Thank you for a great read! Last mile delivery is definitely a hot topic at Amazon as I have learnt through interaction with their employees during on campus recruiting! I found interesting that at Amazon, last mile delivery actually falls under the Finance team.
When I was reading the short paragraph on Amazon Flex, it reminded me of Veho – the winner of the New Venture Competition at the Rock Center this year. Veho is a start-up founded by HBS & MIT alumni about 1.5 year ago and it’s aim is to “replace large delivery trucks with a platform that enable anyone to deliver packages in his or her car.” It will be very interesting to see what will happen to this start-up now that Amazon announced its own version of this – and whether Amazon will use its platform only for their own deliveries or offer it as a service to the market. On the other hand, if Amazon succeeds but only uses Flex for its own, this might bring a lot of publicity for the start-up and hence create demand from smaller online retailers and other sources.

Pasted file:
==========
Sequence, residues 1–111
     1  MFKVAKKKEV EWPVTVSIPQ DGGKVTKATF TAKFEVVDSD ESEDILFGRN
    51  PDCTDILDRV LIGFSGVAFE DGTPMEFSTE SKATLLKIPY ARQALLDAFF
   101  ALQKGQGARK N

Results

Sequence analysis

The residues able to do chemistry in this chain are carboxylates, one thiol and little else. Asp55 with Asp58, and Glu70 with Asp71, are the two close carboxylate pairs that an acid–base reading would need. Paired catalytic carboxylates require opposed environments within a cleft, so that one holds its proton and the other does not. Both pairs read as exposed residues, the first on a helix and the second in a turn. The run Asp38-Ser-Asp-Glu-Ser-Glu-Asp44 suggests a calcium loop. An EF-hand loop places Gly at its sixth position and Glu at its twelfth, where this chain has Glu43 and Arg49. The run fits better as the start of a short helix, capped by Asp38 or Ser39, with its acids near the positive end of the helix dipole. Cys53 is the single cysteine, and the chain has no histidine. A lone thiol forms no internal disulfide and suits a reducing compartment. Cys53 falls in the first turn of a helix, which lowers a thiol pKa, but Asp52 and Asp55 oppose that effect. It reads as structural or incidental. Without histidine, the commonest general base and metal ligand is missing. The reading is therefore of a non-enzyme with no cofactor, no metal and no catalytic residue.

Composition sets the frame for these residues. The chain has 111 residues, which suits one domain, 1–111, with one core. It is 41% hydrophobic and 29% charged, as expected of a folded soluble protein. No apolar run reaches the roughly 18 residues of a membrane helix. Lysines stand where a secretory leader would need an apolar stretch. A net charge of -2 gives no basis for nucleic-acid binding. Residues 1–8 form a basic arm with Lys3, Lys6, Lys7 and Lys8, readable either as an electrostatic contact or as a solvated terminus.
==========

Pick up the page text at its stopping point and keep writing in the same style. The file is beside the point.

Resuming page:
As I have also learn during the recruiting discussions from a person who actually led the team launching it – Amazon Europe is actually starting their own courier services in several European countries due to insufficient or inexistent existing infrastructure. I was surprised to hear that one example was of an inefficient infrastructure was the British Post Office. Amazon is planning to use both their own delivery service as well as the traditional couriers in these market for the moment – driving up competition and therefore improvements (both in quality and price) between those two.
In the Czech Republic we have a saying: “The only thing the Czechs are willing to riot about is when the beer gets more expensive.” Reading through your article I thought that we will probably have many riots coming our way in the near future.